I have a project going in my studio in which we are all learning to play Happy Birthday in different keys and difficulty. Folk tunes may be next. This project allowed me to introduce lead sheets and improvising with primary chords. I would like to try the princess app. Thanks.

  19. Melissa
    Posted 20 March 2013 at 9:16 am | Permalink

    I’m not sure if “Jingle Bells” counts as a folk tune, but my students always seem to want to play it!

  20. Justina
    Posted 20 March 2013 at 11:11 pm | Permalink

    Mary Had a little Lamb seems to be popular among my students

  21. Veon
    Posted 22 March 2013 at 11:18 pm | Permalink

    My students enjoy playing Jingle Bell.

  22. Jill
    Posted 23 March 2013 at 9:45 am | Permalink

    Hot cross buns is definitely a favorite and Yankee Doodle is a close second. This ap sounds great. I hope they could add bass clef in the future.

  23. Posted 23 March 2013 at 9:48 am | Permalink

    My students like to play Alouette along with all the others already listed. Yes, my students love to play familiar tunes. Thanks for the app review. I am going to have to blog about apps myself. My students love them and their parents are asking what is the name of that app!

  24. Angela Baker
    Posted 23 March 2013 at 9:49 am | Permalink

    My students love to learn Hot Cross Buns and Happy Birthday.

  25. Stacy
    Posted 23 March 2013 at 9:12 pm | Permalink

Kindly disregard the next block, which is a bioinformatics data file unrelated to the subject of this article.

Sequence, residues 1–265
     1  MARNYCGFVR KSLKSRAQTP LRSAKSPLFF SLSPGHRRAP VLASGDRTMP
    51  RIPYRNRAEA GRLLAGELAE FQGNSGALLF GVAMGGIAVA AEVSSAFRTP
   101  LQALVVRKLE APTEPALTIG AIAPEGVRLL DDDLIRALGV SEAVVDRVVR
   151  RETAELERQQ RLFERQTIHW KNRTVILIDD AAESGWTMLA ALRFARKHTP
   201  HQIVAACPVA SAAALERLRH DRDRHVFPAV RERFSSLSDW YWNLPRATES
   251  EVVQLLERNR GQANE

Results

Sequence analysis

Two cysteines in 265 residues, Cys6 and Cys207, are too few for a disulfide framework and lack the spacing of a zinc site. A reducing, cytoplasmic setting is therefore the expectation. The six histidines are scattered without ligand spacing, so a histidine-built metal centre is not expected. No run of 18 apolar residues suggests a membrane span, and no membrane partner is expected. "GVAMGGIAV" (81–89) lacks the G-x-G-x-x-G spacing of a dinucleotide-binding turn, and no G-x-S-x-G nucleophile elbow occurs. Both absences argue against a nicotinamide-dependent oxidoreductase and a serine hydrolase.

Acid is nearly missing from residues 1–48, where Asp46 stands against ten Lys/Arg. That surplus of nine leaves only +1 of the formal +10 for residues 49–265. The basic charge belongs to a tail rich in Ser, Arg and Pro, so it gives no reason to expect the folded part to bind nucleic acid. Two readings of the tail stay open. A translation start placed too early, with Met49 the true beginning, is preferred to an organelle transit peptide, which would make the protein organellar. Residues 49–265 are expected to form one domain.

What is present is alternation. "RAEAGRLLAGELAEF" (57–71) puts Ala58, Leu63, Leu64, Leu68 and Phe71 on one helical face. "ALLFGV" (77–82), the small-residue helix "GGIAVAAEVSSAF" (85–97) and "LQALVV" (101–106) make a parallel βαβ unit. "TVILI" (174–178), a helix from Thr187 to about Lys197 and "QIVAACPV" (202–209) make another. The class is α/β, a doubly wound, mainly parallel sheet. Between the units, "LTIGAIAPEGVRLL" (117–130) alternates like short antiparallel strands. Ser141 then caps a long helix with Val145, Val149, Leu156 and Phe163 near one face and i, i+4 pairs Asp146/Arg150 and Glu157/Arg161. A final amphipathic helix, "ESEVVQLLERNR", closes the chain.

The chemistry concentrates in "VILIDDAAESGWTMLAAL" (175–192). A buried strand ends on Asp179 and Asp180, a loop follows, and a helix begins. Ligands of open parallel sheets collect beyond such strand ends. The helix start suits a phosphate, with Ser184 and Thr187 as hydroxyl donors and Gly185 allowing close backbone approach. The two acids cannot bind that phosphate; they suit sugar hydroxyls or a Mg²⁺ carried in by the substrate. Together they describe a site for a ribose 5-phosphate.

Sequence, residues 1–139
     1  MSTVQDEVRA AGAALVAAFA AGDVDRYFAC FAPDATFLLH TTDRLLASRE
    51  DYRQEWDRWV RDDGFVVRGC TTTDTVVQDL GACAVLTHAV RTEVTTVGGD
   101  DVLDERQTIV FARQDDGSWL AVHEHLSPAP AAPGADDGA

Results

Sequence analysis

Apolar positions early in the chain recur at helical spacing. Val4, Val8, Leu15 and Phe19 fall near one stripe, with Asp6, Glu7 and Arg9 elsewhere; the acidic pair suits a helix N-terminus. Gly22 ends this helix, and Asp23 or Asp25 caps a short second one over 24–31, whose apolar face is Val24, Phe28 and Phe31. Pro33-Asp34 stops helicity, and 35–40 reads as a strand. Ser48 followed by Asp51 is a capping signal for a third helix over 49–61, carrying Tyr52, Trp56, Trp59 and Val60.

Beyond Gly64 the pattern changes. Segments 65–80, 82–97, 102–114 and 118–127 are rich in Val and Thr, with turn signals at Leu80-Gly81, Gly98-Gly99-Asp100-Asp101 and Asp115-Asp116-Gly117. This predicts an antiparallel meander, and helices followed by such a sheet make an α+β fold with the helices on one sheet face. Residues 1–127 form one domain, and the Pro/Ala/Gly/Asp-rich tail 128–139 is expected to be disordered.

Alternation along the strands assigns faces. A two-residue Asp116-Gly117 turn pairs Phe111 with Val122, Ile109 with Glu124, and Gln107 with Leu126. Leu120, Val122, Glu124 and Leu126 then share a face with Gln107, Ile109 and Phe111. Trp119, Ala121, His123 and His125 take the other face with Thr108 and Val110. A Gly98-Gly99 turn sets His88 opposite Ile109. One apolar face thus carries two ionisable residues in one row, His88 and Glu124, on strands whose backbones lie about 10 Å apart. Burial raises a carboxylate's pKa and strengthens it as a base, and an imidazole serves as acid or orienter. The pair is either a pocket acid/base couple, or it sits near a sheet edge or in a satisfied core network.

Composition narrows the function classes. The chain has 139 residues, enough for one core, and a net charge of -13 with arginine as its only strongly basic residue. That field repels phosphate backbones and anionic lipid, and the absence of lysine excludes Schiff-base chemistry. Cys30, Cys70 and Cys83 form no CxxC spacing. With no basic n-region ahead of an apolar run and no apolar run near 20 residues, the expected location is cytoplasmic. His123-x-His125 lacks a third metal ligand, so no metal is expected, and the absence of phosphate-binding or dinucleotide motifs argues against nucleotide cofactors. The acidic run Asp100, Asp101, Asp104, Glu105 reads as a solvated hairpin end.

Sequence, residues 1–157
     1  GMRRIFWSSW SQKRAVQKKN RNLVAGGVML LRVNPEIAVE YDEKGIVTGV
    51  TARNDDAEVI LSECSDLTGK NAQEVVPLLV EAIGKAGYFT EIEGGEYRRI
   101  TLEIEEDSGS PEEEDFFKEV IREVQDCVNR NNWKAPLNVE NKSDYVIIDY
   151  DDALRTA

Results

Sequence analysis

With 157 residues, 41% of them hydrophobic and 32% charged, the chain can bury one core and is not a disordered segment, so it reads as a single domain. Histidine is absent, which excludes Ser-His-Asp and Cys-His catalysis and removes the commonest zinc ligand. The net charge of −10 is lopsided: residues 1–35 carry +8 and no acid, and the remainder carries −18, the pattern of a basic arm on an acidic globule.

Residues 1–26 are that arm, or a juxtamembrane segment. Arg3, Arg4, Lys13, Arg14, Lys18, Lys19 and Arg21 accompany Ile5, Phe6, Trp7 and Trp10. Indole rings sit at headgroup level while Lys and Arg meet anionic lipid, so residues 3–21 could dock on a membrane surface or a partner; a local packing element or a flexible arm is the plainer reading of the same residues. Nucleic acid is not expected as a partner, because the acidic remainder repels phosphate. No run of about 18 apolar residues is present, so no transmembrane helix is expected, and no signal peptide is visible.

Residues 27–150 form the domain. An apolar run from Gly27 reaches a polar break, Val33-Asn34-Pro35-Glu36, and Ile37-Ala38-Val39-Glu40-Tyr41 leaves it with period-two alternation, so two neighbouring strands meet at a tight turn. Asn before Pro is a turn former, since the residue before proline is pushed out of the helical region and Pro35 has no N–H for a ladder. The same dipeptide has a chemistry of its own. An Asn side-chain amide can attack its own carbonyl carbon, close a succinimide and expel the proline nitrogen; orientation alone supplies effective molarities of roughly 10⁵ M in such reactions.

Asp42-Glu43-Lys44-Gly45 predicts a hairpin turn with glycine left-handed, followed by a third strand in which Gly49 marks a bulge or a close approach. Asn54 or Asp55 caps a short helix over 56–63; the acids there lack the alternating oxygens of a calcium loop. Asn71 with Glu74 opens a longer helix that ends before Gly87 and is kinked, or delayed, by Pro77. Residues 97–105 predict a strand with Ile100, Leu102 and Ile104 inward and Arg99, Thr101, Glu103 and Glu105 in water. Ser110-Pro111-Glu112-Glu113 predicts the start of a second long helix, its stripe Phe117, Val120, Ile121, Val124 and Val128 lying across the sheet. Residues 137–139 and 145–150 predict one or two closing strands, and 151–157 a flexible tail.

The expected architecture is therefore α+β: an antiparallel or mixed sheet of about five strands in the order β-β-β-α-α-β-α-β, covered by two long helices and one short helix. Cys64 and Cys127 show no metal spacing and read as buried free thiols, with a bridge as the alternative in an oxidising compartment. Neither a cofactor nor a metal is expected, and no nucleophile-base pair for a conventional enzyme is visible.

My students love Mary Had a Little Lamb and Twinkle, Twinkle, Little Star.

  26. Tami
    Posted 24 March 2013 at 10:22 pm | Permalink

    My students enjoy learning Yankee Doodle and Aloutte.

  27. Kari
    Posted 3 April 2013 at 7:45 pm | Permalink

    Mary had a Little Lamb is probably the most played folk tune- and the most hated by parents? I often wish they would play a song they have learned instead of that one over and over and over and over. (:

  28. Posted 12 April 2013 at 1:46 am | Permalink

    I’ve had several students in the past who all taught themselves how to play Beethoven’s Ode to Joy before starting piano lessons, and I have one right now who can hardly have a lesson without doodling the tune whenever given the slightest excuse to do so. I realize Beethoven is a historical figure (not anonymous “folk”), but one of your Words of Wisdom quotes from before was that “all music is folk music,” right? ;)